UK Asks NATO to Stand Up to Russia
By Kalyan Kumar | August 1, 2014 9:44 PM EST
A committee of UK lawmakers has warned that the North Atlantic Treaty Organisation (NATO) is not well prepared to face the new threat posed by Russia and many deficiencies are dogging its command structures.
An armed pro-Russian separatist (foreground) guards a crash site of the Malaysia Airlines Flight MH17 near the village of Hrabove (Grabovo), Donetsk region July 24, 2014.
It seems the Ukraine crisis has exacerbated concerns among NATO allies on the preparedness of the military alliance to safeguard member states in the event of an attack.
The Commons Defence Committee in the UK observed that the Ukraine conflict has exposed serious deficiencies in NATO's preparedness and called for radical reforms to plug the loopholes. Though the MPs do not see a conventional assault, overt methods such as cyber-attacks and irregular militias can be significant.
Security for Baltic states
The UK Defence committee called for increased presence of NATO troops and military equipment in vulnerable Baltic states such as Estonia, Latvia and Lithuania. It also wanted NATO to amend its Article 5 and add unconventional threats such as irregular militia and cyber-attacks as triggers to undertake its missions to defend member states when they come under an attack.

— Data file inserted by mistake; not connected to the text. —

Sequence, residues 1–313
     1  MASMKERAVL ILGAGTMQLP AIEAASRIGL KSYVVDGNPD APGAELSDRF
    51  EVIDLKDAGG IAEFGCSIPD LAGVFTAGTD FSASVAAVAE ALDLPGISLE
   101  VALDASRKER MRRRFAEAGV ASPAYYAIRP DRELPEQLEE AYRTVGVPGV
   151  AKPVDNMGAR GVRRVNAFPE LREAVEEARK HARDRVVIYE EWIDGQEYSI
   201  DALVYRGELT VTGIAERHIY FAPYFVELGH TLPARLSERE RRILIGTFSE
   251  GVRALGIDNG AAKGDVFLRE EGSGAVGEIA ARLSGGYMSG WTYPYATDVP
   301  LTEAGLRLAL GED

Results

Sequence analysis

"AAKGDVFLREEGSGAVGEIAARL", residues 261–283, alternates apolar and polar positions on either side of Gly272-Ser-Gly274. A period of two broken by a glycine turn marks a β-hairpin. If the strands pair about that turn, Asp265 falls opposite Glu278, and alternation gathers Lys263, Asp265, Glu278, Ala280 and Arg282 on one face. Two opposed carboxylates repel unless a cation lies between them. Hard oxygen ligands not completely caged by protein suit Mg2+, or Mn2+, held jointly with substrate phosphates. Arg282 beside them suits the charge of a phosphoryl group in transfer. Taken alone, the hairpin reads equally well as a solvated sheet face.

In a report, the panel made the observation that NATO looks ill-prepared to face the Russian threat against NATO member states.
Rory Stewart, chairman of the committee, said the risk of a Russian attack on NATO member state may be small but it is significant. Russia has been changing its tactics. There are cyber-attacks, information warfare, irregular separatist groups, armed civilians and forces without insignia. Russia has tried all these in Ukraine to destabilise a NATO partner and annex part of its territory to pulverise the ability to respond.
The report wanted NATO to factor in Russia as a territorial threat on the basis of the recent events. The events in Ukraine, cyber attack on Estonia and invasion of Georgia in 2008 are wake-up calls for NATO. They also revealed glaring deficiencies in the NATO's preparedness.
NATO spokeswoman Oana Lungescu said all these points were touched upon by the NATO Secretary General Anders Fogh Rasmussen in recent times. She said the Wales NATO Summit in September will be an occasion to discuss them threadbare. To reinforce collective defence for the eastern allies, NATO has already augmented the air, sea and land force capabilities.
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